Reading Level: Young Adult
Size: 614 KB
Publisher: Tor Books
Release Date: June 5, 2012
Stand Alone or Series: Stand Alone (prequel to the The Grisha Trilogy, but separate story)
Rating: 5/5 stars
This is a short story set in the same world as Bardugo’s Grisha series. This story is set in Ravka but it is a prequel (timeline wise) it also follows different characters and is more of a folktale than anything else. The story has a very traditional dark folklore tale feel to it and was absolutely engrossing. I was amazed at what a great story Bardugo wove in such a small space. The characters were absolutely engaging and the story just sucked me right in.
The woods outside of Duva are said to eat girls, at least that has what Nadya has been raised believing. She gets to test the tale when her evil stepmom forces her out of the house at night and she finds herself at the door of the Witch of Duva herself.
Bardugo has said that Hansel and Gretel influenced this folktale, and you can definitely see the influences here...although this tale kind of turns Hansel and Gretel on its head.
Nadya is an excellent heroine, she is so easy to sympathize with. She’s a young girl with an okay life, but then as circumstances change and her father marries another woman and things get worse and worse for her. She is forced into a desperate situation where she must flee into the forest and confront the very thing that has always haunted her.
I was surprised at how engaging and entertaining all of the characters in this story were. They are so well developed and really came alive for me even though this was a very short story.
The suspense behind who/what the witch of Duva is and around the strange case of the disappearing girls is absolutely engrossing. I was on the edge of my seat the whole time trying to figure out and predict what was going on.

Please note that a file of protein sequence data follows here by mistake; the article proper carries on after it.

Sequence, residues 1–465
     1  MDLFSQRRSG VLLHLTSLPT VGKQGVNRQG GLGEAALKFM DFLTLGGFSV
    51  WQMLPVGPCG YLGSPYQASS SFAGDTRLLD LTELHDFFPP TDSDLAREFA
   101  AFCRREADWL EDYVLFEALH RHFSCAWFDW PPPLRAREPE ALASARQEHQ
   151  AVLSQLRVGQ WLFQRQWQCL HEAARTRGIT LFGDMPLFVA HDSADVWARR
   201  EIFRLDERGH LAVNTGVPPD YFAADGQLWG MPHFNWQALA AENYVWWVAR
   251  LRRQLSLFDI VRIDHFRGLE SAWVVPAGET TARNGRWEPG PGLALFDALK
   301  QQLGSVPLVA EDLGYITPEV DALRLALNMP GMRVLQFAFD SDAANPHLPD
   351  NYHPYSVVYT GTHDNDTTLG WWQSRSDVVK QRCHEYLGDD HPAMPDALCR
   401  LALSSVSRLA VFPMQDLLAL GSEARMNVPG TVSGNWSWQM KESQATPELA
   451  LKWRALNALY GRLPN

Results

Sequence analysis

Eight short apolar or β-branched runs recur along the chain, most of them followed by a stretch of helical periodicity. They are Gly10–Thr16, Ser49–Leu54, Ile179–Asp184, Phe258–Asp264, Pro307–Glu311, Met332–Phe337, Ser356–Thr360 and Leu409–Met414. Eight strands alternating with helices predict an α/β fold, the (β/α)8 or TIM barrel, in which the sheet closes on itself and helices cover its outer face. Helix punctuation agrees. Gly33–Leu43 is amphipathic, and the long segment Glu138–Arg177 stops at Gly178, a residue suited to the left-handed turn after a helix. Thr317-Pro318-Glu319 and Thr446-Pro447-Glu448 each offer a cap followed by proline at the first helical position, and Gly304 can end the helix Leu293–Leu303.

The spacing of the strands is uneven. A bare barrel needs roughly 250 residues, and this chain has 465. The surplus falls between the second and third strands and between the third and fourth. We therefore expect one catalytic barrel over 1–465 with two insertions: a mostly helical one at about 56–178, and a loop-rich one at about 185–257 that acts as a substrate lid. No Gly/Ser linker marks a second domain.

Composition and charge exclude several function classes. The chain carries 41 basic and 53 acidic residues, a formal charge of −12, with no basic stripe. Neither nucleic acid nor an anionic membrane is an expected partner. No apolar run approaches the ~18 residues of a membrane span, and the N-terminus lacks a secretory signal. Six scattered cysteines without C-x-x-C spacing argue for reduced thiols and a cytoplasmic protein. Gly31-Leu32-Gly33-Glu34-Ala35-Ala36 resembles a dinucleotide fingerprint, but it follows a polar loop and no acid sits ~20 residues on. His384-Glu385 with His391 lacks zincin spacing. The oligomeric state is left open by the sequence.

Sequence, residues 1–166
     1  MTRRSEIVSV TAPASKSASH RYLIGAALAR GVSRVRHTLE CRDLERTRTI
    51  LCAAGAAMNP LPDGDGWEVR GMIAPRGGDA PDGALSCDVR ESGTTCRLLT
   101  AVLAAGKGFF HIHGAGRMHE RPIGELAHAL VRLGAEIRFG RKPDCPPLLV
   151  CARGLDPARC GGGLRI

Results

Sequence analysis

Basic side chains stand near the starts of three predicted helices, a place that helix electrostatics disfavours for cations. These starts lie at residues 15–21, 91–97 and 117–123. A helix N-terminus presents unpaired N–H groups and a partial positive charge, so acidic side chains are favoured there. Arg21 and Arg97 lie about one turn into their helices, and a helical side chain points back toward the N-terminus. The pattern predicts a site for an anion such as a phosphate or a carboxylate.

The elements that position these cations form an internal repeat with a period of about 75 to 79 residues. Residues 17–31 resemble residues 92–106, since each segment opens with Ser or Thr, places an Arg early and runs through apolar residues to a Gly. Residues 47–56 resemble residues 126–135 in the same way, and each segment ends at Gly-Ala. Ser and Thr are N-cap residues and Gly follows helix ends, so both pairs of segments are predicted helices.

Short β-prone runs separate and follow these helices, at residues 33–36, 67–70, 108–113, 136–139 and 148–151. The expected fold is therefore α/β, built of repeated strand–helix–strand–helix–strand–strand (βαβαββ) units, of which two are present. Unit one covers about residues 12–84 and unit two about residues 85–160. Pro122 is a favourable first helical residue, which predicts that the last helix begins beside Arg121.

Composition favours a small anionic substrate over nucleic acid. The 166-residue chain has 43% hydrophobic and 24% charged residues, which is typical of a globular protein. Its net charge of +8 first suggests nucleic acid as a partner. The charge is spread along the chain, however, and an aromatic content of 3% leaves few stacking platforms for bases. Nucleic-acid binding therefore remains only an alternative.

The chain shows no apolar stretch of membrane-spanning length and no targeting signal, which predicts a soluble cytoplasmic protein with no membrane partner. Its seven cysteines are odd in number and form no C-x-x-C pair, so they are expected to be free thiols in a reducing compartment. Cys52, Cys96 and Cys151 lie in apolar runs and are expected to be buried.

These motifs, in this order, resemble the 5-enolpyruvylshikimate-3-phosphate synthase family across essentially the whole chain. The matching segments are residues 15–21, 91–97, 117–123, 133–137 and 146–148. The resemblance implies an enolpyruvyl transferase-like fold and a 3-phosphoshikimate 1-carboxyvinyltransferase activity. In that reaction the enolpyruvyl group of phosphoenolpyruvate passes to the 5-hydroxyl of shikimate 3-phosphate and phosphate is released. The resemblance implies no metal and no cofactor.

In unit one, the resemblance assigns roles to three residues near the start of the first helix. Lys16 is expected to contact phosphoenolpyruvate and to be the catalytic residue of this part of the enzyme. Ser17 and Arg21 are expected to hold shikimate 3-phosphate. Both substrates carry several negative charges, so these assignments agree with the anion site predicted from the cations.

There are a lot of twists and turns and by the end of the story no one is who you thought they would be and everyone is different from what you initially expected. The ending totally caught me by surprise, but then when I stopped to think about it I realized that there were a lot of carefully hidden hints throughout the story that supported the surprise ending. It takes a very masterful writter to mislead the reader so deftly and pull such a huge twist that is completely surprising but totally seamless with the rest of the story.
This is a dark and twisted folk tale and echoes many of the original Grimm fairy tales. Children are eaten and disappear, and dark things hunt the woods of Duva. Humanity follows a much harsher code and is much crueler than what we typically see in our day to day life now.
Overall an absolutely outstanding short story, I absolutely loved it. I immediately went out and bought The Too Clever Fox for my Kindle as well and can’t wait to read that. It is amazing that Bardugo can write not only spectacular novels but also spectacular short stories. In my opinion really well done short stories are very hard to write because you have to set up the world, characters, and plot is such a short amount of space. I highly recommend this short story to fans of the Grisha series and to fans of dark and grimm fairy tales.